What about you?
"I'm wondering what the future of the certification programs at Microsoft are, what with Windows Vista out now and with 'Longhorn' Server coming out."
You're not alone. Good news, though. Trika just e-mailed a bunch of us to let us know that there are some webcasts that will answer many of your questions about the future of Microsoft Certifications coming up:
Protecting the Integrity of Microsoft Certification - May 23, 20077:30 A.M. Pacific Time or 5:00 P.M. Pacific Time
Review of Windows Vista and Exchange Server 2007 Training and Certification - May 30, 20077:30 A.M. Pacific Time or 5:00 P.M. Pacific Time
Introducing the Windows Server “Longhorn” Certification Roadmap - June 13, 20077:30 A.M. Pacific Time or 5:00 P.M. Pacific Time
1 Year In: The Microsoft Certified Architect Program - June 20, 20077:30 A.M. Pacific Time or 5:00 P.M. Pacific Time
Don't worry if you can't make the live events. They'll also be recorded. But if you're at the live event, you can ask questions of the presenters.
Here also are some recordings from recent Live Meetings
Find recordings of past MCA-led live meetings on the MCP home page.
Yes! It's finally official! BillG announced it at WinHEC today.
Now we all have to train ourselves to stop saying "Windows Server Codename: Longhorn" and just say "Windows Server 2008".
"Kevin! I thought it was going to ship by the end of this year? Does this mean I'm going to have to wait until '08 to get it?"
Hey.. for all I know (not much) it may still RTM this year, and then "General Availability" in early '08. (Remember... Vista RTM'd in late '06 but most people couldn't buy it 'til 07.)
(Are we selling our products at the local State Fair now?)
Apparently that's what Microsoft and SanDisk are planning on doing. I love it!
Check out this article: SanDisk, Microsoft in USB flash drive, memory deal
Imagine this... you don't need your own computer anymore to travel. You just go to a kiosk with your SanDisk drive.. plug it in to the USB port... and you have your own computing environment.
"Huh? You crazy, Kevin?"
Think about it. It can be done. Use Virtual PC, or some run-time (meaning: not installed on the host OS) version of that technology, maybe?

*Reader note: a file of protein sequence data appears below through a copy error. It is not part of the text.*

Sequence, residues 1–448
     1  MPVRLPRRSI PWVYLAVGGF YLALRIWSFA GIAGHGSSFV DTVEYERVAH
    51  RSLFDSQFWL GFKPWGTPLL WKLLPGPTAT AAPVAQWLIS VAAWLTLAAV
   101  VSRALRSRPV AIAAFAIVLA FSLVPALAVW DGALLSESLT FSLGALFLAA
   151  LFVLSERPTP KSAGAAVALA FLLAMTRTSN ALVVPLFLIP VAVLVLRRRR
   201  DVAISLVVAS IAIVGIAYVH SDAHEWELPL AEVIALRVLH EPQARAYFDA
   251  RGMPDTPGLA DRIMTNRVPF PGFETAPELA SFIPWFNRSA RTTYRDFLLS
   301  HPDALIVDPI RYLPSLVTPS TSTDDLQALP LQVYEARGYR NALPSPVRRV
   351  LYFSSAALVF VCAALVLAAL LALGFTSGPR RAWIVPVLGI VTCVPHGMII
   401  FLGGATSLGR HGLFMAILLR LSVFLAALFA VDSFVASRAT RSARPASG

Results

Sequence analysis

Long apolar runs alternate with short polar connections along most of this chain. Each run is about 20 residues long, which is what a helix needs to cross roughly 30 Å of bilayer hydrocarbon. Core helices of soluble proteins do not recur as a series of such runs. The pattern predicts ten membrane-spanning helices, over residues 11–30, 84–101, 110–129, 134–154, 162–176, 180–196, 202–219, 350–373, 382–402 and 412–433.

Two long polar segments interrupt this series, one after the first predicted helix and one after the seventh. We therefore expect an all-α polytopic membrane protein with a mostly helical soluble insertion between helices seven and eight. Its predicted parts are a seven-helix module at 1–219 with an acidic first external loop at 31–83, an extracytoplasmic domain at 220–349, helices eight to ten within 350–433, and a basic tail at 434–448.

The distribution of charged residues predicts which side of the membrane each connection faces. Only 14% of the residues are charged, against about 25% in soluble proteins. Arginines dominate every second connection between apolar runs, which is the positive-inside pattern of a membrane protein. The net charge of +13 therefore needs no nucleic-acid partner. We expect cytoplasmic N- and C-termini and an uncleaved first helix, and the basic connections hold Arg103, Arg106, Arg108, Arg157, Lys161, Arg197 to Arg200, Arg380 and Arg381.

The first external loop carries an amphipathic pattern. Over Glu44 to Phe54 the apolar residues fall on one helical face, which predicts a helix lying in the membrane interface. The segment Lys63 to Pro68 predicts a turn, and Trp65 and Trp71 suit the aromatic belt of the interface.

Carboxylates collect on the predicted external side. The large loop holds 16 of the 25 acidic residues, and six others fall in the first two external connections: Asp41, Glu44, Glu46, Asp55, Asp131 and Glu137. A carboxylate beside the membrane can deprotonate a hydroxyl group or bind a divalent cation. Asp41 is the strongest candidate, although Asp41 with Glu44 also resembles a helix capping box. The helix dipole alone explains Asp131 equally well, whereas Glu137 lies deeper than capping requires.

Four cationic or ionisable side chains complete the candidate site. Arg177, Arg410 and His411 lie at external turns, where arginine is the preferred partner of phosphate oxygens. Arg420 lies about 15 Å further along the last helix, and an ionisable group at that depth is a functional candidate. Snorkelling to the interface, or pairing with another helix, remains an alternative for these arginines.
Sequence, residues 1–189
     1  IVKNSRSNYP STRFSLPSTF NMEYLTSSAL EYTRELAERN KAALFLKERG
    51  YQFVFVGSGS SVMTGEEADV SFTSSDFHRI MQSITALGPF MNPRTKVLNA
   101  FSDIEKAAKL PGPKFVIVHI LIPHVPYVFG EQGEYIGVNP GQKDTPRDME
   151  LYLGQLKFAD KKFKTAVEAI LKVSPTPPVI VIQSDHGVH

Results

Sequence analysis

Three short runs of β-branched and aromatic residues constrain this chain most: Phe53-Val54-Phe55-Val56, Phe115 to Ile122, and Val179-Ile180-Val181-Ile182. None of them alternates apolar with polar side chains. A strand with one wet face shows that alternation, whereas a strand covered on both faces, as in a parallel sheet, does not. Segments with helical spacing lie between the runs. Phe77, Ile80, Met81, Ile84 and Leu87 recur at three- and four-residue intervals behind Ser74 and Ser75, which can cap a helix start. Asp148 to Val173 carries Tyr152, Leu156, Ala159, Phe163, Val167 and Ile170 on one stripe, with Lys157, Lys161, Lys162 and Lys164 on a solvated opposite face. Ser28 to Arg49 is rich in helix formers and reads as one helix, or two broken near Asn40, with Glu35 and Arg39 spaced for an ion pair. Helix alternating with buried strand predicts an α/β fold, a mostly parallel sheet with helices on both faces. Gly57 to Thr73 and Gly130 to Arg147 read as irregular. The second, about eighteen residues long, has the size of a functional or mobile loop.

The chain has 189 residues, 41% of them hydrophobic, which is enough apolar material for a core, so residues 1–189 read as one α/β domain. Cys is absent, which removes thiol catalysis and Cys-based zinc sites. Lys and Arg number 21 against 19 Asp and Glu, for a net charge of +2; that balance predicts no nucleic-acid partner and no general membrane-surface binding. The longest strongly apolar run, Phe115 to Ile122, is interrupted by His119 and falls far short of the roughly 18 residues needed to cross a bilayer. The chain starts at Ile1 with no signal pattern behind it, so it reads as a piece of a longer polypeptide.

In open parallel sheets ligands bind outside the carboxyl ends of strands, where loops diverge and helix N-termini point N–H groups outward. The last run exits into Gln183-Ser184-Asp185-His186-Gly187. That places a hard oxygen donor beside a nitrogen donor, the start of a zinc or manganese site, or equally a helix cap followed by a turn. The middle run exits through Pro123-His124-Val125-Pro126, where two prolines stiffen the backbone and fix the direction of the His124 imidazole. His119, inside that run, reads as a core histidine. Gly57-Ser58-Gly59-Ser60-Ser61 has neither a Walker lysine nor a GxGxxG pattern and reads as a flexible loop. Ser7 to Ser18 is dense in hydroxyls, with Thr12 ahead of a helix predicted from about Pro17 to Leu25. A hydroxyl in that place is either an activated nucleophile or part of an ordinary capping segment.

Take a really big USB drive and put a .VHD (virtual hard disk) and .VMC (Virtual Machine configuration file) that represents and contains an installed OS. And then have that run-time virtualization engine auto-run from the USB drive to just load that Virtual Machine into memory.
Presto! You've got your own virtual computer that you've carried with you... and it's not leaving any personal information behind.
"Oh yeah? What about keystrokes?"
Oh. Yeah... that's a problem. Personally I don't trust kiosk computers as far as I can thrown them. And they're anchored down, so they're not easily thrown. Trust me. So... until I can trust a kiosk, it's not a perfect solution.
But... if I am visiting someone that I can trust, and just need to get to my own apps or e-mail temporarily... it might be a really neat idea.
NOTE: My vision of using virtualization to do this is all just speculation on my part. I really don't know the details any more than what are written in the article as to how they're actually going to accomplish this "personal computing environment"-on-a-stick.
"...If I buy X and Y, do I have to get Z also.. blah blah blah?"
Whoa! Hold on! I know just enough about Microsoft licensing to get me fired! Seriously... you can ask me, and I promise I will NOT make up an answer. I have no problem telling you those three special little words: I DON'T KNOW.
"Who does know?"
Well.. for starters you can go to the Microsoft Licensing site for information. But you now have another option... a webcast happening on May 24th. You can get all your questions answered there.
Here are the details:
Microsoft's Inside Licensing Webcast Series